The effort to persuade Sen. Ben Nelson to end his threat to filibuster health care reform without tougher restrictions on abortion have resulted in an interesting role reversal: three Nebraska pastors are now urging the senator to support the bill.
Revs. Bert Thelen, S.J., Jane Florence and David Lux took to the pages of the Omaha World Herald on Friday in an op-ed that framed the need for health care reform as a moral imperative. The trio didn't address the issue of abortion directly. But their pleas to Nelson to help pass reform (and "ensure" his legacy in Nebraska) seem to indicate that Nelson should save his concerns over abortion for another day.
As Nebraska faith leaders, we call for systemic change that is guided by the following principles based on our religious values. We support universal access to good-quality health care that: (1) Provides comprehensive and affordable coverage for all. (2) Eliminates health care disparities. (3) Includes effective cost containment. (4) Simplifies administration. (5) Eliminates pre-existing condition exclusions from coverage.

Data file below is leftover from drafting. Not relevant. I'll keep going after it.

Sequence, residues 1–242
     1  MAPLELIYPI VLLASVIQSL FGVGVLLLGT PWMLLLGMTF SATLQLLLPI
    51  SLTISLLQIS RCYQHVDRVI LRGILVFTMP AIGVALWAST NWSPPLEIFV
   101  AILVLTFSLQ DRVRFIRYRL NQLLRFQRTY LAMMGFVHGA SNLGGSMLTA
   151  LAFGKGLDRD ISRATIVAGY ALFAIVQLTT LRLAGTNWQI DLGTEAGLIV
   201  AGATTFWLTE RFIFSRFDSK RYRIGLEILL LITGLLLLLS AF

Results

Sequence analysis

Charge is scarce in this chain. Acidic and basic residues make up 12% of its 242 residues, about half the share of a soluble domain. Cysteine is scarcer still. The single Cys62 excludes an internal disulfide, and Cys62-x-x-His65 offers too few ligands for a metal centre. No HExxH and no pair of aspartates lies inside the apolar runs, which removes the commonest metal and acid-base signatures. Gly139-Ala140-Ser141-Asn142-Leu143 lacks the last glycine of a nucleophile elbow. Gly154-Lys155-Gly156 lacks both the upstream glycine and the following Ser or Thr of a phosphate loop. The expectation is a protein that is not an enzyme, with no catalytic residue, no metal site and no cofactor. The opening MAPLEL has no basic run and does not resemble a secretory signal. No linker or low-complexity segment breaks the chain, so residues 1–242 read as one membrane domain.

We turn to U.S. Sen. Ben Nelson, knowing he stands with us as a person of faith. As governor, he left a lasting and important legacy of strong public insurance programs such as Kids Connection and CHIP, which provides insurance to thousands of Nebraskans who would otherwise join the uninsured.
Now we turn to him again to leave another legacy: health care for all Nebraskans. If we can fix the broken health care system, we can ensure that Nelson's legacy in Nebraska is continued with his vote this year to pass health reform.
We thank Sen. Nelson for continuing to make health care a priority for all Nebraskans and for leaving a legacy of healthy Nebraskans.
Considering how radioactive the issue of abortion is in this debate and overall, its seems likely that the three pastors are sticking their necks out a bit with this op-ed. That said, the Catholic Health Association -- which has about 20 hospitals in Nebraska -- has already endorsed abortion language in the Senate health care bill that falls short of the restrictive provision passed by the House. And so have have more than 30 pro-life Evangelical leaders including several National Association of Evangelicals board members.